NEW YORK -- ( MainStreet) -- When you've already had a warm winter and are getting temperatures into the 70s and 80s in March, what's to anticipate about spring? The start of the Major League Baseball season aside, this year's transition from winter to spring for the Northeast and much of the Midwest will be among the mildest in history. According to the National Oceanic and Atmospheric Administration, December through February was the fourth-warmest winter on record for the lower 48 states. The average temperature was 3.9 degrees above the average from 1901 to 2000 and the warmest since 2000.
Unusually mild winters that hurt ski slopes and may crush crops could boost sales and travel.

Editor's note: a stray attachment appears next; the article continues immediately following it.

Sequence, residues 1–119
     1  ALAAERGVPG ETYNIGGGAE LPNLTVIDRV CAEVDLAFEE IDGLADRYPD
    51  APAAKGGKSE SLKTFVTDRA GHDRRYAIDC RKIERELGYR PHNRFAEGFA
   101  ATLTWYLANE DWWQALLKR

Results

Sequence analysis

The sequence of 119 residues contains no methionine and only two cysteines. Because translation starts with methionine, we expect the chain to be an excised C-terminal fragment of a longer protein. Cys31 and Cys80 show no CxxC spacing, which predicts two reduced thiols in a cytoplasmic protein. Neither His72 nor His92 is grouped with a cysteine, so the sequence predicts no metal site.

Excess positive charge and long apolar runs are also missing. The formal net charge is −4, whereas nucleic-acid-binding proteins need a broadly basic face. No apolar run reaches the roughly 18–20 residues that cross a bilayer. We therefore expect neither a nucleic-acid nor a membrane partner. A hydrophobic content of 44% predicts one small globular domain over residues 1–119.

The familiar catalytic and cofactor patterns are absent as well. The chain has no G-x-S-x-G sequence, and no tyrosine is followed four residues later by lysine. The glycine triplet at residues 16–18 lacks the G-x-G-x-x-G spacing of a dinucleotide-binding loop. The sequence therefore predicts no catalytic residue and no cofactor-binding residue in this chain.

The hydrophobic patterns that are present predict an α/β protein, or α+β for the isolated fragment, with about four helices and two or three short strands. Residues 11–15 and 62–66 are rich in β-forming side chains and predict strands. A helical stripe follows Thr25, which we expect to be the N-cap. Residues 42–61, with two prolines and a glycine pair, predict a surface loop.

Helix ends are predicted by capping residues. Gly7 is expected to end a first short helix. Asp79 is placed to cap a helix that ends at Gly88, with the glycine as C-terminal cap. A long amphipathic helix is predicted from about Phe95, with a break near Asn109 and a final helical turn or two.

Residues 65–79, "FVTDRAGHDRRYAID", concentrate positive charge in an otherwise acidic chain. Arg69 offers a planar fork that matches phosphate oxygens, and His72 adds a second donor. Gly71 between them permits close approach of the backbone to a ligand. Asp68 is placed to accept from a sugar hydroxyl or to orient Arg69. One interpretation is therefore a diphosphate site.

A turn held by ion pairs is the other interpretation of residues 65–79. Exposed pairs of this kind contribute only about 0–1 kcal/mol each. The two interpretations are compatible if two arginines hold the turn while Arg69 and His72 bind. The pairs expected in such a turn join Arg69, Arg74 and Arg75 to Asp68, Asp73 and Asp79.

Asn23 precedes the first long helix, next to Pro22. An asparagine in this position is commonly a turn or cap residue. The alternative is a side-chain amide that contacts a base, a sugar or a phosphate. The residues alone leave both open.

In Albany, N.Y., for example, the average high in January was 37 degrees, when it's usually below freezing, according to the National Weather Service. In Tulsa, Okla., the average high last month was about 57 degrees, 9 degrees higher than normal. The Upper Midwest, Great Plains and a few other areas were "much above normal" in temperature, NOAA said. None of that news amounts to anything good and could end up being really harmful to trees, shrubs and perennials, says Dr. Bert Cregg, an associate professor in the horticulture department at Michigan State University specializing in tree physiology and nursing landscape. "We are definitely getting into some uncharted waters having this much accumulated heat this early in the season," Cregg says. "I was on the conference call with our head climatologist last week and we were breaking records left and right, so we really don't have anything to compare it to." So where has winter been hiding out? Look in Northern Canada, Alaska, Russian and Europe, where the canals in Venice froze just before Carnival. The problem for much of North America this summer has been the jet stream's stubborn refusal to budge southward for any length of time. Normally a system of high pressure parks itself over Greenland and Northeast Canada for the better part of winter and forces cold Arctic air south. With a weakened pressure system and strong La Nina winds from the West, large swaths of the U.S. has been kept high and dry. Not only is it warmer, but since cold fronts aren't colliding with warm fronts because of the jet stream's stubbornness, many regions haven't received the winter precipitation they're used to, leading to outright drought in Texas and other places.